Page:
Her talk at Yale - ‘Why is the past repeating itself?’ - suggested that the international plans and policies aimed at tackling the looting and trafficking of cultural objects from conflict zones mirrored the “ineffective measures” that had been the model for global response for nearly half a century. But there are, she asserts, other options.

“Things have changed as this issue becomes more public and less private, which is very positive,” she says now. “But if we’re talking about laws and regulation, for the most part we’ve been doing the same thing at an international level since 1970. Different kinds of laws and interventions on a local level seem to have worked better.

“There are lots of suggestions as to how things cold be made better but I’m not sure if anyone will listen to them. It’s very difficult to move things at an international level especially if certain policies are entrenched.

“I’d love to see something happening in terms of what we do for wildlife,” she says, referring to the CITES convention on endangered species. “If you think about it, you can’t traffic in ivory. You just can’t do it. It’s against international law, even though there’s a market for it, even though some people would like to buy it. We have decided, collectively, that that is wrong.

“How we deal with wildlife [is] we have an international system of permits. Same permit, everywhere in the world, all computerised. We have nothing like that for antiquities or art. It’s different for every jurisdiction: some countries have export permits, some don’t. They’re all very different, so everybody can fake them. The moment a centralised system was introduced, that would be absolutely great. CITES has pluses and minuses, but we can base things on that.”

Even the briefest look at the Trafficking Culture website reveals the dizzying scale of the problem: the most recent cases range from a third-century South Arabian alabaster tablet, stolen from the Aden Museum in 1994 and later consigned for sale at a leading auction house (the object was returned to Yemen) to figurines stolen from the tomb of Empress Dou, and returned to China by that same auction house. There are dozens, and dozens, of other cases. Lots of shady characters, too.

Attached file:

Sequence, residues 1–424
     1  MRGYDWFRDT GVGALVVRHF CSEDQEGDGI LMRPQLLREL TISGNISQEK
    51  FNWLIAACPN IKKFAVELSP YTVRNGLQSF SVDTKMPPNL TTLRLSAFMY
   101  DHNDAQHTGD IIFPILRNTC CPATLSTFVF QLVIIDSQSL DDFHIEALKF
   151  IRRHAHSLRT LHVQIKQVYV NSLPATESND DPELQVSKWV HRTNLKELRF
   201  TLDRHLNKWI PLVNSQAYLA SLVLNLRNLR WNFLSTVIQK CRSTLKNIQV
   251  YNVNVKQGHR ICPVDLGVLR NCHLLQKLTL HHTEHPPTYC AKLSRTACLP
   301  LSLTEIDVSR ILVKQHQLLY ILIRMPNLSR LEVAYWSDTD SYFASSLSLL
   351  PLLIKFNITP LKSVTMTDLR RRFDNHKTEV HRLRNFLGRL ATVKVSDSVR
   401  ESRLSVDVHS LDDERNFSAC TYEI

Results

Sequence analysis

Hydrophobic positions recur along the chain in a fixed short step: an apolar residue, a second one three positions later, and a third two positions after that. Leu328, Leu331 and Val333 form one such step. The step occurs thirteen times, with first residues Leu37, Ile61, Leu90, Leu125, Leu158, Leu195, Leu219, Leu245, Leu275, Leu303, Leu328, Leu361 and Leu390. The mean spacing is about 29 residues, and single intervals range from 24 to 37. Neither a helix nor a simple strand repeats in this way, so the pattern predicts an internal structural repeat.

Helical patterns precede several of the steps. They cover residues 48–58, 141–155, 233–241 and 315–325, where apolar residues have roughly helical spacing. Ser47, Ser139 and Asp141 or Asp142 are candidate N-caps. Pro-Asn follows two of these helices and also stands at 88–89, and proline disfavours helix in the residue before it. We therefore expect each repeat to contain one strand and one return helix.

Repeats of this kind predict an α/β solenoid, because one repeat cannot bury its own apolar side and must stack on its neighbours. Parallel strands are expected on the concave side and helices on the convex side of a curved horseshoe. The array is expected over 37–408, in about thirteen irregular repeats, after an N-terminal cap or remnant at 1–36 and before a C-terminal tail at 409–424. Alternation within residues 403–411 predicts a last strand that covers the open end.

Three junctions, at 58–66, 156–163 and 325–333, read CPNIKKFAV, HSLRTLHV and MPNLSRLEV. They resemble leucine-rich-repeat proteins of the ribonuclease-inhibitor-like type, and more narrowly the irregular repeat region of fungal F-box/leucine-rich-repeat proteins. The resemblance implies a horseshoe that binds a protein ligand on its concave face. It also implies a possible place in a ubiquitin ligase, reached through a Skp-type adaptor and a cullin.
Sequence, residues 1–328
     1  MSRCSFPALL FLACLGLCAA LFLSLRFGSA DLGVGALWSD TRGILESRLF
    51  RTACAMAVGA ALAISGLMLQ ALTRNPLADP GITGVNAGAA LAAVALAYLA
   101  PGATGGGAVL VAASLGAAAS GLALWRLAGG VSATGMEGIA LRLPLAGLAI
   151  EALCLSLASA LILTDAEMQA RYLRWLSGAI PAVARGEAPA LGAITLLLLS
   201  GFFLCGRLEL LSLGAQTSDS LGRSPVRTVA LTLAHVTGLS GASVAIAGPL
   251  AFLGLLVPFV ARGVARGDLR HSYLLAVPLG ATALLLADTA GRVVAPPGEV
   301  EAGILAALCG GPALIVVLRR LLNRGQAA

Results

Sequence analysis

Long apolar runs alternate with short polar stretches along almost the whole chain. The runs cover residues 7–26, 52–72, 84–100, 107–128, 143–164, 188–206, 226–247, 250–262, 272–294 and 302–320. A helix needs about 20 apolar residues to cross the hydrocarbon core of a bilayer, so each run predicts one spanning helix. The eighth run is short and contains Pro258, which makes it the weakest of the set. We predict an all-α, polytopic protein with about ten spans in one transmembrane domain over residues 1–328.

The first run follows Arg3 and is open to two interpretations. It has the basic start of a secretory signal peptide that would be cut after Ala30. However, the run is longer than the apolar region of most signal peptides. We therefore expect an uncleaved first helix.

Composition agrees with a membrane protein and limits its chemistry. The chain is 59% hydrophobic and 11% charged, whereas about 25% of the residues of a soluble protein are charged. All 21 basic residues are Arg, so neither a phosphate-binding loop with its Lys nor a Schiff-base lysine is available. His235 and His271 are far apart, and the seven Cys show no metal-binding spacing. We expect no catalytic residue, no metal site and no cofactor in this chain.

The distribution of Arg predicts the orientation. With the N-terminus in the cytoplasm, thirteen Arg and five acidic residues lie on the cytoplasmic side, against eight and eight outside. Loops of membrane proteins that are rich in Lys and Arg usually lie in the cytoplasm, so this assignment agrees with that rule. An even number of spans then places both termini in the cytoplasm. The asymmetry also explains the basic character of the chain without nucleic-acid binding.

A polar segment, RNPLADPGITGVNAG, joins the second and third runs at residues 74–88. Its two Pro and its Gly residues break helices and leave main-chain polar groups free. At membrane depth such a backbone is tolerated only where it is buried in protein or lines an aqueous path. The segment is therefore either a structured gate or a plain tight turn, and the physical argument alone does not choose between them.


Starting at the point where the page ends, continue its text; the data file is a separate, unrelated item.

And these things matter, the antiquities that are looted and offered to museums or private collectors. Every one that is stolen means we lose a link with our past. “It absolutely does matter,” affirms Yates. “It’s the basis of our identity, it’s how we identify ourselves as an individual, as a culture. It’s how we know who we are. It’s deeply, deeply emotional destruction and loss of the past.

“That’s a whole area of research: just why people have these emotional attachments, why that is so important, why destruction of the past is so very crushing. Why is the destruction of the past something that is constantly introduced in war to oppress people? It clearly matters in all sorts of ways.

“The other side is that there is a market for it. There’s a desire to own, to keep for yourself something that others might think should be public and available to everyone.

“I’m mostly in this,” she volunteers, “because of the power imbalance between somebody who has a huge amount of financial buying-power, who wants to keep these bits and pieces of the past to themselves, and people who don’t have a strong international voice, who don’t have that power. Translating it to criminology, it’s like white-collar crime versus the masses, but for me, working in the developing world, it’s very poor people being taken advantage of by very rich people.”

Ultimately, Donna Yates would like to see the collecting of antiquities become socially unacceptable, “like having a gigantic elephant tusk on your mantle. I want somebody who has, say, Iraqi figurines on their mantle - I want all their fancy dinner-guests to go …” and here she mimics a sharp, disapproving intake of breath. Yes, she concedes, such a collective attitude would require a huge cultural shift. “It will, but I think we’re moving in that direction. At least, I hope we are.”